Rosario Dawson gave a big hug to Lorraine Toussaint as she strolled inside the penthouse suite smiling and waving in a printed dress. Tessa Thompson sat close to her friend Stenberg after greeting her excitedly. Tiffany Haddish made everyone laugh per usual as she cracked jokes on a whim, King gave a big long hug to Tina Lifford, and Edwina Findley showed off her pregnant belly for the first time, calling it her “coming out party.”
When asked why Woodard’s 10th annual event was so important, Toussaint, who co-hosted the evening with Pounder, said, “When these women are standing on the carpet: the carpet can be scary, the carpet can be primarily white, the carpet can be daunting.” She continued, “When you're standing across the carpet and you see one of us and we make eye contact and that eye contact says I’ve got you girl. I've got you baby girl. Enjoy the moment dance and frolic and swish and sashay. Because you are now part of something. You are part of a line of women that have walked and that will walk and we now charge you with passing the baton.”
“Not passing the baton, lighting each other’s torches,” Dawson chimed in with a big smile, before dishing on how much she admires Toussaint. “I want to just celebrate how amazing someone can be in every aspect of her life and not just in these moments, but in every moment. To take that opportunity to share and not just for yourself but to take the opportunity to spark that joy, and that generosity and that community is what's going to save the world because we’ve lived under this fallacy of self-promotion and self-realization for too long. We are interdependent, but we need each other and that's a beautiful thing. It's not something that's weak it's actually very powerful. We cannot live without each other.”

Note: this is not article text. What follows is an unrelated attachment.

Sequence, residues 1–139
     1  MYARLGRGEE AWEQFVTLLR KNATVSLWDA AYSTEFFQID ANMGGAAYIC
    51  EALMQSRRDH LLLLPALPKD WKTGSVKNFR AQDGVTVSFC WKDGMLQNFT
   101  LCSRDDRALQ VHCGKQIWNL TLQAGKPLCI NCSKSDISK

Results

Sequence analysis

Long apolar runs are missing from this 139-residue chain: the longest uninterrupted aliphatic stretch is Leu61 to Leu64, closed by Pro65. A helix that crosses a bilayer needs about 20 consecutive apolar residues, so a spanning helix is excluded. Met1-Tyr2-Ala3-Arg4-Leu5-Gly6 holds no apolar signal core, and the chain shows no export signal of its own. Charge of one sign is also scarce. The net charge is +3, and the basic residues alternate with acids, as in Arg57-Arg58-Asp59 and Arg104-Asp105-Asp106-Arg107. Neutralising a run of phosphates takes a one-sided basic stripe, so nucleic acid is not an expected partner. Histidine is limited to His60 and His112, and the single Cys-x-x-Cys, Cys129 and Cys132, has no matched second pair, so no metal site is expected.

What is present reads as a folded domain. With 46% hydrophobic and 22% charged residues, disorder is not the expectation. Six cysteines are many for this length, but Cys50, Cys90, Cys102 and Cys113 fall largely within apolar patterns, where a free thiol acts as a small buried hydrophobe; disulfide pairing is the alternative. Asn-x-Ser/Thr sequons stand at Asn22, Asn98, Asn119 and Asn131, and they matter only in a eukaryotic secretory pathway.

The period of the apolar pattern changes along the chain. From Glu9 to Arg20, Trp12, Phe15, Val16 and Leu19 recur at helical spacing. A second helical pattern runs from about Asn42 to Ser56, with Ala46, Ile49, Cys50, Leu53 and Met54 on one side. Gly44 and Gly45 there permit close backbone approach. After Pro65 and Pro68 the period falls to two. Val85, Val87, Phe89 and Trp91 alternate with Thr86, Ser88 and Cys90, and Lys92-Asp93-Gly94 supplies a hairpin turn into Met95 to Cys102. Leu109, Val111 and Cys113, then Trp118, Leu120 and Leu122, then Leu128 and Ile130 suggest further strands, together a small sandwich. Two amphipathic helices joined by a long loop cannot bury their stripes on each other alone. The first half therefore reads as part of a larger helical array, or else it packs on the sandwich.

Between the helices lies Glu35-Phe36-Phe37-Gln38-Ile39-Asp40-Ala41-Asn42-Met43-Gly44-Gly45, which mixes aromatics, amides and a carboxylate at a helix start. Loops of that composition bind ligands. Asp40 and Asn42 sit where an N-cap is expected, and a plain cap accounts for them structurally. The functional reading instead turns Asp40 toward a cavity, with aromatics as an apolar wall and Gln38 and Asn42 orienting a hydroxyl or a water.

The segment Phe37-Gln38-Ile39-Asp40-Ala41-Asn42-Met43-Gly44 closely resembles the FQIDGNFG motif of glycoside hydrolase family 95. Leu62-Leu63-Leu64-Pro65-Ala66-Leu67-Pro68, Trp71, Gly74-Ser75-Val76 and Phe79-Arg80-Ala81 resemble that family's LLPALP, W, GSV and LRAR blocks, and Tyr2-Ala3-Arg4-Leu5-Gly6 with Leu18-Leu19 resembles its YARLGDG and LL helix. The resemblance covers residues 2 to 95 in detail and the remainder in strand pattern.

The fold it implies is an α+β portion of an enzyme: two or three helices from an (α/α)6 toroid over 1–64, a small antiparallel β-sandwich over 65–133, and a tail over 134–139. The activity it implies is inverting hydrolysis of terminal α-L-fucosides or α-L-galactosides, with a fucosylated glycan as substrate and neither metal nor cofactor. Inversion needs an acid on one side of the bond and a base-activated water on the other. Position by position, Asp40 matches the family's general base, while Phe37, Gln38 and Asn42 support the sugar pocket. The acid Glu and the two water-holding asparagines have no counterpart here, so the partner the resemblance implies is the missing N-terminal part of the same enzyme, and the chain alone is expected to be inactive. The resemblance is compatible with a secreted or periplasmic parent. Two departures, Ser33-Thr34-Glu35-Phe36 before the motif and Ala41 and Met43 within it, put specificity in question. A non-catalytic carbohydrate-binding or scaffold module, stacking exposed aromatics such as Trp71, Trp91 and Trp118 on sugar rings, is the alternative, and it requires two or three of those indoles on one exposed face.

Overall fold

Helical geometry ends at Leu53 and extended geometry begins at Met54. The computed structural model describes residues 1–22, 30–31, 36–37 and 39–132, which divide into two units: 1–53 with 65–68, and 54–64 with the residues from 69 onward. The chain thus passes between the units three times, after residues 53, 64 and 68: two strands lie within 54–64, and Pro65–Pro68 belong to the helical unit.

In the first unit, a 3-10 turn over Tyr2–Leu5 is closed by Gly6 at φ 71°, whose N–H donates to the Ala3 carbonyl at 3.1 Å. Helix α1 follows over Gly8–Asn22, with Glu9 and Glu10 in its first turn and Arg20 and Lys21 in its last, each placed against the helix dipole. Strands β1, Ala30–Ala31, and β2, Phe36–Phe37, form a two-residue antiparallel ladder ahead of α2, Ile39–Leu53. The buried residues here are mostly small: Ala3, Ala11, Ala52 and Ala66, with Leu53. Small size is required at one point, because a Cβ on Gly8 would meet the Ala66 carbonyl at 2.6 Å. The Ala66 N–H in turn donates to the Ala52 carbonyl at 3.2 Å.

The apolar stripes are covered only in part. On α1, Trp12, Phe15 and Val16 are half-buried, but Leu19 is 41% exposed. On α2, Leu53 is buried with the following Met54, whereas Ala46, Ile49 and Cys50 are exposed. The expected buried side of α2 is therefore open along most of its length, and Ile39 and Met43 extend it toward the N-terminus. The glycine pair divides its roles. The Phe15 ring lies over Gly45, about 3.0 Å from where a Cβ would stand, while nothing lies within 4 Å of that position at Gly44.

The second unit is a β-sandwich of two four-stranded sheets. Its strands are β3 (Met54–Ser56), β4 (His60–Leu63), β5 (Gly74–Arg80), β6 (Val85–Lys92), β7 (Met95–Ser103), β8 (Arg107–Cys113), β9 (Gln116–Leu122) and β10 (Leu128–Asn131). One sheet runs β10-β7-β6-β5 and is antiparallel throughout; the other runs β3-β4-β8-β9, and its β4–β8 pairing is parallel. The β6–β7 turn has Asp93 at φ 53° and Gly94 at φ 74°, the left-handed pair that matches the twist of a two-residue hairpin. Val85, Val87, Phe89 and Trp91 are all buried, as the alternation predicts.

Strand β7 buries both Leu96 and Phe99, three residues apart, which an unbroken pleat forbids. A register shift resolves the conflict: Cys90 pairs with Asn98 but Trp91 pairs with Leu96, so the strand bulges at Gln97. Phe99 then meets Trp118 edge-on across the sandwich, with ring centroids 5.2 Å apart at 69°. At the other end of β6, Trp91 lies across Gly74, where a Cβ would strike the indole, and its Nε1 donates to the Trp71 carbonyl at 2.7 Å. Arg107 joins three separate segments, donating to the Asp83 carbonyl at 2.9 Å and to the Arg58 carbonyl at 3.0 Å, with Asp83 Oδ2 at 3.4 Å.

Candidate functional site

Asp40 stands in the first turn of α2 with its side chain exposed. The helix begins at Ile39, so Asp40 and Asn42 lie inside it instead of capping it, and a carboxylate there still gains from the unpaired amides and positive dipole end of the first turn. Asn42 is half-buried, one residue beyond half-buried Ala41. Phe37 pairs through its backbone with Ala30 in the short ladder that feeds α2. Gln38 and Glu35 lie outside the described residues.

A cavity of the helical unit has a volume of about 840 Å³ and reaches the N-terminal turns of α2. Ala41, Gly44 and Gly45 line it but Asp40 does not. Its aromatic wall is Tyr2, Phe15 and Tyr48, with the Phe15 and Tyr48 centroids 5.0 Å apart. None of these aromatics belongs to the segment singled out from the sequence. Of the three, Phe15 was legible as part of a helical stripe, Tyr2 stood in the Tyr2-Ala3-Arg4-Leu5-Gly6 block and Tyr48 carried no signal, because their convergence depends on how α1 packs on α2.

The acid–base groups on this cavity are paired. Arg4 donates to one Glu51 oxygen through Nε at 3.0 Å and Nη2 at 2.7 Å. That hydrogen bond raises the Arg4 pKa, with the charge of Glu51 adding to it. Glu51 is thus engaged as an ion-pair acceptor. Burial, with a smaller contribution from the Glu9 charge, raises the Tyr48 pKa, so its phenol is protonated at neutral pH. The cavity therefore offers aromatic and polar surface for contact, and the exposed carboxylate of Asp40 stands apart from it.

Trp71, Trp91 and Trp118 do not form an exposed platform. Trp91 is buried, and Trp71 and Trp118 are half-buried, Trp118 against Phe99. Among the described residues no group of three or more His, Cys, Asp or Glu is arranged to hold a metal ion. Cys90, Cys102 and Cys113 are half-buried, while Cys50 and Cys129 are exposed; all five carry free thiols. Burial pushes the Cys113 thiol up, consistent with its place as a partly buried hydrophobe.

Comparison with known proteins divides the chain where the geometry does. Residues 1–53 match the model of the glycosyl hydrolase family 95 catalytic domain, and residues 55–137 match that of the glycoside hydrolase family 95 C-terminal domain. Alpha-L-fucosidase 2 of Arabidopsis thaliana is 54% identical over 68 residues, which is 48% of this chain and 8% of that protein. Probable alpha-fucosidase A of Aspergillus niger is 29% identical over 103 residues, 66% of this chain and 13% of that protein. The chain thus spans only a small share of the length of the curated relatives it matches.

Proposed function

“Women need each other,” Toussaint added.
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Stenberg, who attended the event for the second time, echoed those sentiments, saying, “It's wild to feel so invested and included and supported and loved by a community of powerful women. I don't think there's any other space where I feel like I do in this space.”
“It's really unique and really powerful and there's so much love. And there's room here to be authentic in a way you can't necessarily be when you're navigating Hollywood as a Black woman.”